Next, the Orion team steps in. 

"There's really no time to catch our breath," Rick LaBrode, lead Artemis I flight director, said during the Aug. 5 press conference. Most of Orion's trajectory includes lots (and lots) of precise maneuvering that will take it along a complex path, as seen below.

A diagram showing how Orion will fly to the moon, around the moon and back. Several gravity assists are present during the journey and some checkpoints are outlined where translunar injections and departures will occur.
Enlarge Image
A diagram showing how Orion will fly to the moon, around the moon and back. Several gravity assists are present during the journey and some checkpoints are outlined where translunar injections and departures will occur.

Orion's trajectory around the moon and back is outlined here. Along the way, 10 CubeSats will be deployed. 

Screenshot by Monisha Ravisetti/NASA

As the spacecraft approaches the lunar surface, getting as close as just 60 miles above ground, per the team, it'll begin conducting science experiments to test lunar gravity, radiation dangers and even take beautiful pictures, like a re-creation of 1968's Earthrise, and much more. 

Along the way, the Orion team will also be deploying a handful of 10 CubeSats from the hatch, which are like little boxy satellite systems. "We have no interaction with those secondary payloads. The only thing we're concerned with is their initial trajectories where they're being deployed," LaBrode said.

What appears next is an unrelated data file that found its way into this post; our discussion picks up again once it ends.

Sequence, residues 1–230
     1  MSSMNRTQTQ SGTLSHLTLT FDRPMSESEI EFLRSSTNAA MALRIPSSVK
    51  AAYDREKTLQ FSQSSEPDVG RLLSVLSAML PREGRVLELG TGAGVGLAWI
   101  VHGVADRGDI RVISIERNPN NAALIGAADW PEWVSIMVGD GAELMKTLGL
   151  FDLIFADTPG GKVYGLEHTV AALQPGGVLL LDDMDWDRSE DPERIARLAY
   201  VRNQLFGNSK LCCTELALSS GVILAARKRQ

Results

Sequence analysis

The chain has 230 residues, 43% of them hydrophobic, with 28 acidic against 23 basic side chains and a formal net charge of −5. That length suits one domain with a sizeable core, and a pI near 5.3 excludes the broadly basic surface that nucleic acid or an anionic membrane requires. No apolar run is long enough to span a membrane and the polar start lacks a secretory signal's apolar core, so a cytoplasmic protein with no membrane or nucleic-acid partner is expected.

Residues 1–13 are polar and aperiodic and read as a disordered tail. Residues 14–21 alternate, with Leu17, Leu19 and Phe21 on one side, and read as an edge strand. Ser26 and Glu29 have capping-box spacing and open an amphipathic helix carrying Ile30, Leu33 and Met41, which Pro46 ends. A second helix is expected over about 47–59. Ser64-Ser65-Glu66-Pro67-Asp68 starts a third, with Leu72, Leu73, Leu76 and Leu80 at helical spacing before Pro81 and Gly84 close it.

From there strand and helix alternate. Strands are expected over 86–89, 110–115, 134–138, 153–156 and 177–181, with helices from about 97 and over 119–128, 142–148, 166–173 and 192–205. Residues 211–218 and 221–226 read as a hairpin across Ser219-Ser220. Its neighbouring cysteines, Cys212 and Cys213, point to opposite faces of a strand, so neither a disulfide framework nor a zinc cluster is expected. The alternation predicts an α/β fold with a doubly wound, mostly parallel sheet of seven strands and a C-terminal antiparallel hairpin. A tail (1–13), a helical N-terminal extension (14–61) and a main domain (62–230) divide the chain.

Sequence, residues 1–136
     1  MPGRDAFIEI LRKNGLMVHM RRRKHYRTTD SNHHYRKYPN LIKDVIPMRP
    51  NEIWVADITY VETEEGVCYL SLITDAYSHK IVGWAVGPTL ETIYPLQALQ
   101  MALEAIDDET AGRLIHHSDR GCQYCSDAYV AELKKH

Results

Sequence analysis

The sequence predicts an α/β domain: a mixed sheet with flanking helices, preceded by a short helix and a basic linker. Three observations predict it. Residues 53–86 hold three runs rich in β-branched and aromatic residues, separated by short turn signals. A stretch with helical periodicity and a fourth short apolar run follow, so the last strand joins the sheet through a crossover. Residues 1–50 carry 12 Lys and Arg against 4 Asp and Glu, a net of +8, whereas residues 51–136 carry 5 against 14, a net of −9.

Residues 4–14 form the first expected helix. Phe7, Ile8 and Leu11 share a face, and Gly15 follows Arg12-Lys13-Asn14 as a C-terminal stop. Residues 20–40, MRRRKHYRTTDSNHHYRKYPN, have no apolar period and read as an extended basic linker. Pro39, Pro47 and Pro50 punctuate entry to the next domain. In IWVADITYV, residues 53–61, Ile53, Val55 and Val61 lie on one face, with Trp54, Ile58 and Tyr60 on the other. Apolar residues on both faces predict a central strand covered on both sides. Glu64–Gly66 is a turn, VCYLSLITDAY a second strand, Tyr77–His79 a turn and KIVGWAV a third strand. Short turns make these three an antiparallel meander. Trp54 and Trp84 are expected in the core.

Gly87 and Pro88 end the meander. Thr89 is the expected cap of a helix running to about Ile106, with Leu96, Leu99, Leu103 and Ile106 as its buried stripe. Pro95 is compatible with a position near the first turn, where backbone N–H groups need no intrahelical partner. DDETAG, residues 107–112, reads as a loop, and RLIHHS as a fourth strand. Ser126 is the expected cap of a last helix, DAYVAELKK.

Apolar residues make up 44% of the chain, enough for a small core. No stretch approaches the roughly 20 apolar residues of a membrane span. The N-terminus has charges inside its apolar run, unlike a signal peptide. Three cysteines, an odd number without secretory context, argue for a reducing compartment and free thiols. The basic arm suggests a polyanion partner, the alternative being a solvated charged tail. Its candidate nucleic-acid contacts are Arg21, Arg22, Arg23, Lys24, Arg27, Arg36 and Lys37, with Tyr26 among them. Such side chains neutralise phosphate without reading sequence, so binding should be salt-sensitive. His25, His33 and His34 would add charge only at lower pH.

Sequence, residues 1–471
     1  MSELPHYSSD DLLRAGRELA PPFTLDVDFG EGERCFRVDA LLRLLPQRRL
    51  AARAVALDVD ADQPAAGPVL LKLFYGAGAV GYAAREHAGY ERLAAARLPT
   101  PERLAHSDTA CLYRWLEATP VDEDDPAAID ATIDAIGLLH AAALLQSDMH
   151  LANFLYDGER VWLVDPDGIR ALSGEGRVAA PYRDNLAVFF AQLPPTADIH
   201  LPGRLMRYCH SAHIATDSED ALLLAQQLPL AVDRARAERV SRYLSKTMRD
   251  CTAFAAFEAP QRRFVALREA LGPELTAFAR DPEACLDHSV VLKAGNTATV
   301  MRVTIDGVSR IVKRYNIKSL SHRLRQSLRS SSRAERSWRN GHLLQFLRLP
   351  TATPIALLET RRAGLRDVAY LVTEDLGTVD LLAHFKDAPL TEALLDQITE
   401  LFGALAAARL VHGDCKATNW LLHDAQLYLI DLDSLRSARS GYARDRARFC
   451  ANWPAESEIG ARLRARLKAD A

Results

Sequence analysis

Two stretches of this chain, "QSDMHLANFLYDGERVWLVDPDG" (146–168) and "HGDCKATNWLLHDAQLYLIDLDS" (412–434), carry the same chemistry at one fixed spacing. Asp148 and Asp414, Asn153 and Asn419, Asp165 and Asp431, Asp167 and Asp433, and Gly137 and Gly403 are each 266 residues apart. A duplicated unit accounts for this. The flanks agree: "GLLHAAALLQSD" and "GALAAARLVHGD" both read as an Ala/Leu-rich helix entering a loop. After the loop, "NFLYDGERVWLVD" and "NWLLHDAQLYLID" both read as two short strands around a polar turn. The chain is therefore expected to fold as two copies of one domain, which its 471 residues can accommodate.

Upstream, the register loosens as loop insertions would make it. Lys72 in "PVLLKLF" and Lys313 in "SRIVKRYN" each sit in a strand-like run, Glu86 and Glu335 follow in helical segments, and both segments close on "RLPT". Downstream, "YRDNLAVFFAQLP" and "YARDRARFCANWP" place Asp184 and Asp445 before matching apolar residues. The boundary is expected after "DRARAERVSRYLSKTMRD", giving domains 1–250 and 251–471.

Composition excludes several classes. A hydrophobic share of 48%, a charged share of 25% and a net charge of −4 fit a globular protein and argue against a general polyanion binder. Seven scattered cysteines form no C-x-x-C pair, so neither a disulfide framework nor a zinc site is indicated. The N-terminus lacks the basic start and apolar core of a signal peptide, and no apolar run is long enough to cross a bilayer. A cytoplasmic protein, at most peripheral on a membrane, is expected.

On wrapping up its eventful excursion, Orion will return to our planet and get set for splashdown off the coast of San Diego. 


Earthrise, taken during the first crewed voyage to the moon, Apollo 8.

Bill Anders/NASA

"Once we splash down, we'll leave the vehicle powered for about two hours," Frieling said. "We're going to do some thermal testing to make sure we have adequate cooling for astronauts when we eventually have them on board and they're waiting to be picked up by recovery crews."

Pick up Orion, extract the data, and the mission is complete for Artemis I. Time to exhale. 

But that's not nearly the end of NASA's lunar dream. 

Down the line, Artemis I will lead to Artemis II, which will send humans into lunar orbit. And that will lead to Artemis III, which will land humans on the surface of the moon. Then, Artemis III leads to the first woman and person of color landing on the glowing rock, which then paves the way for the agency's ultimate goal: trekking on Mars and building red planet science laboratories.

"When we think about Artemis, we focus a lot on the moon," Reid Wiseman, chief astronaut at NASA's Johnson Space Center, said on Aug. 5. "But I just want everybody in the room and everybody watching to remember our sights are not set on the moon. Our sights are set clearly on Mars."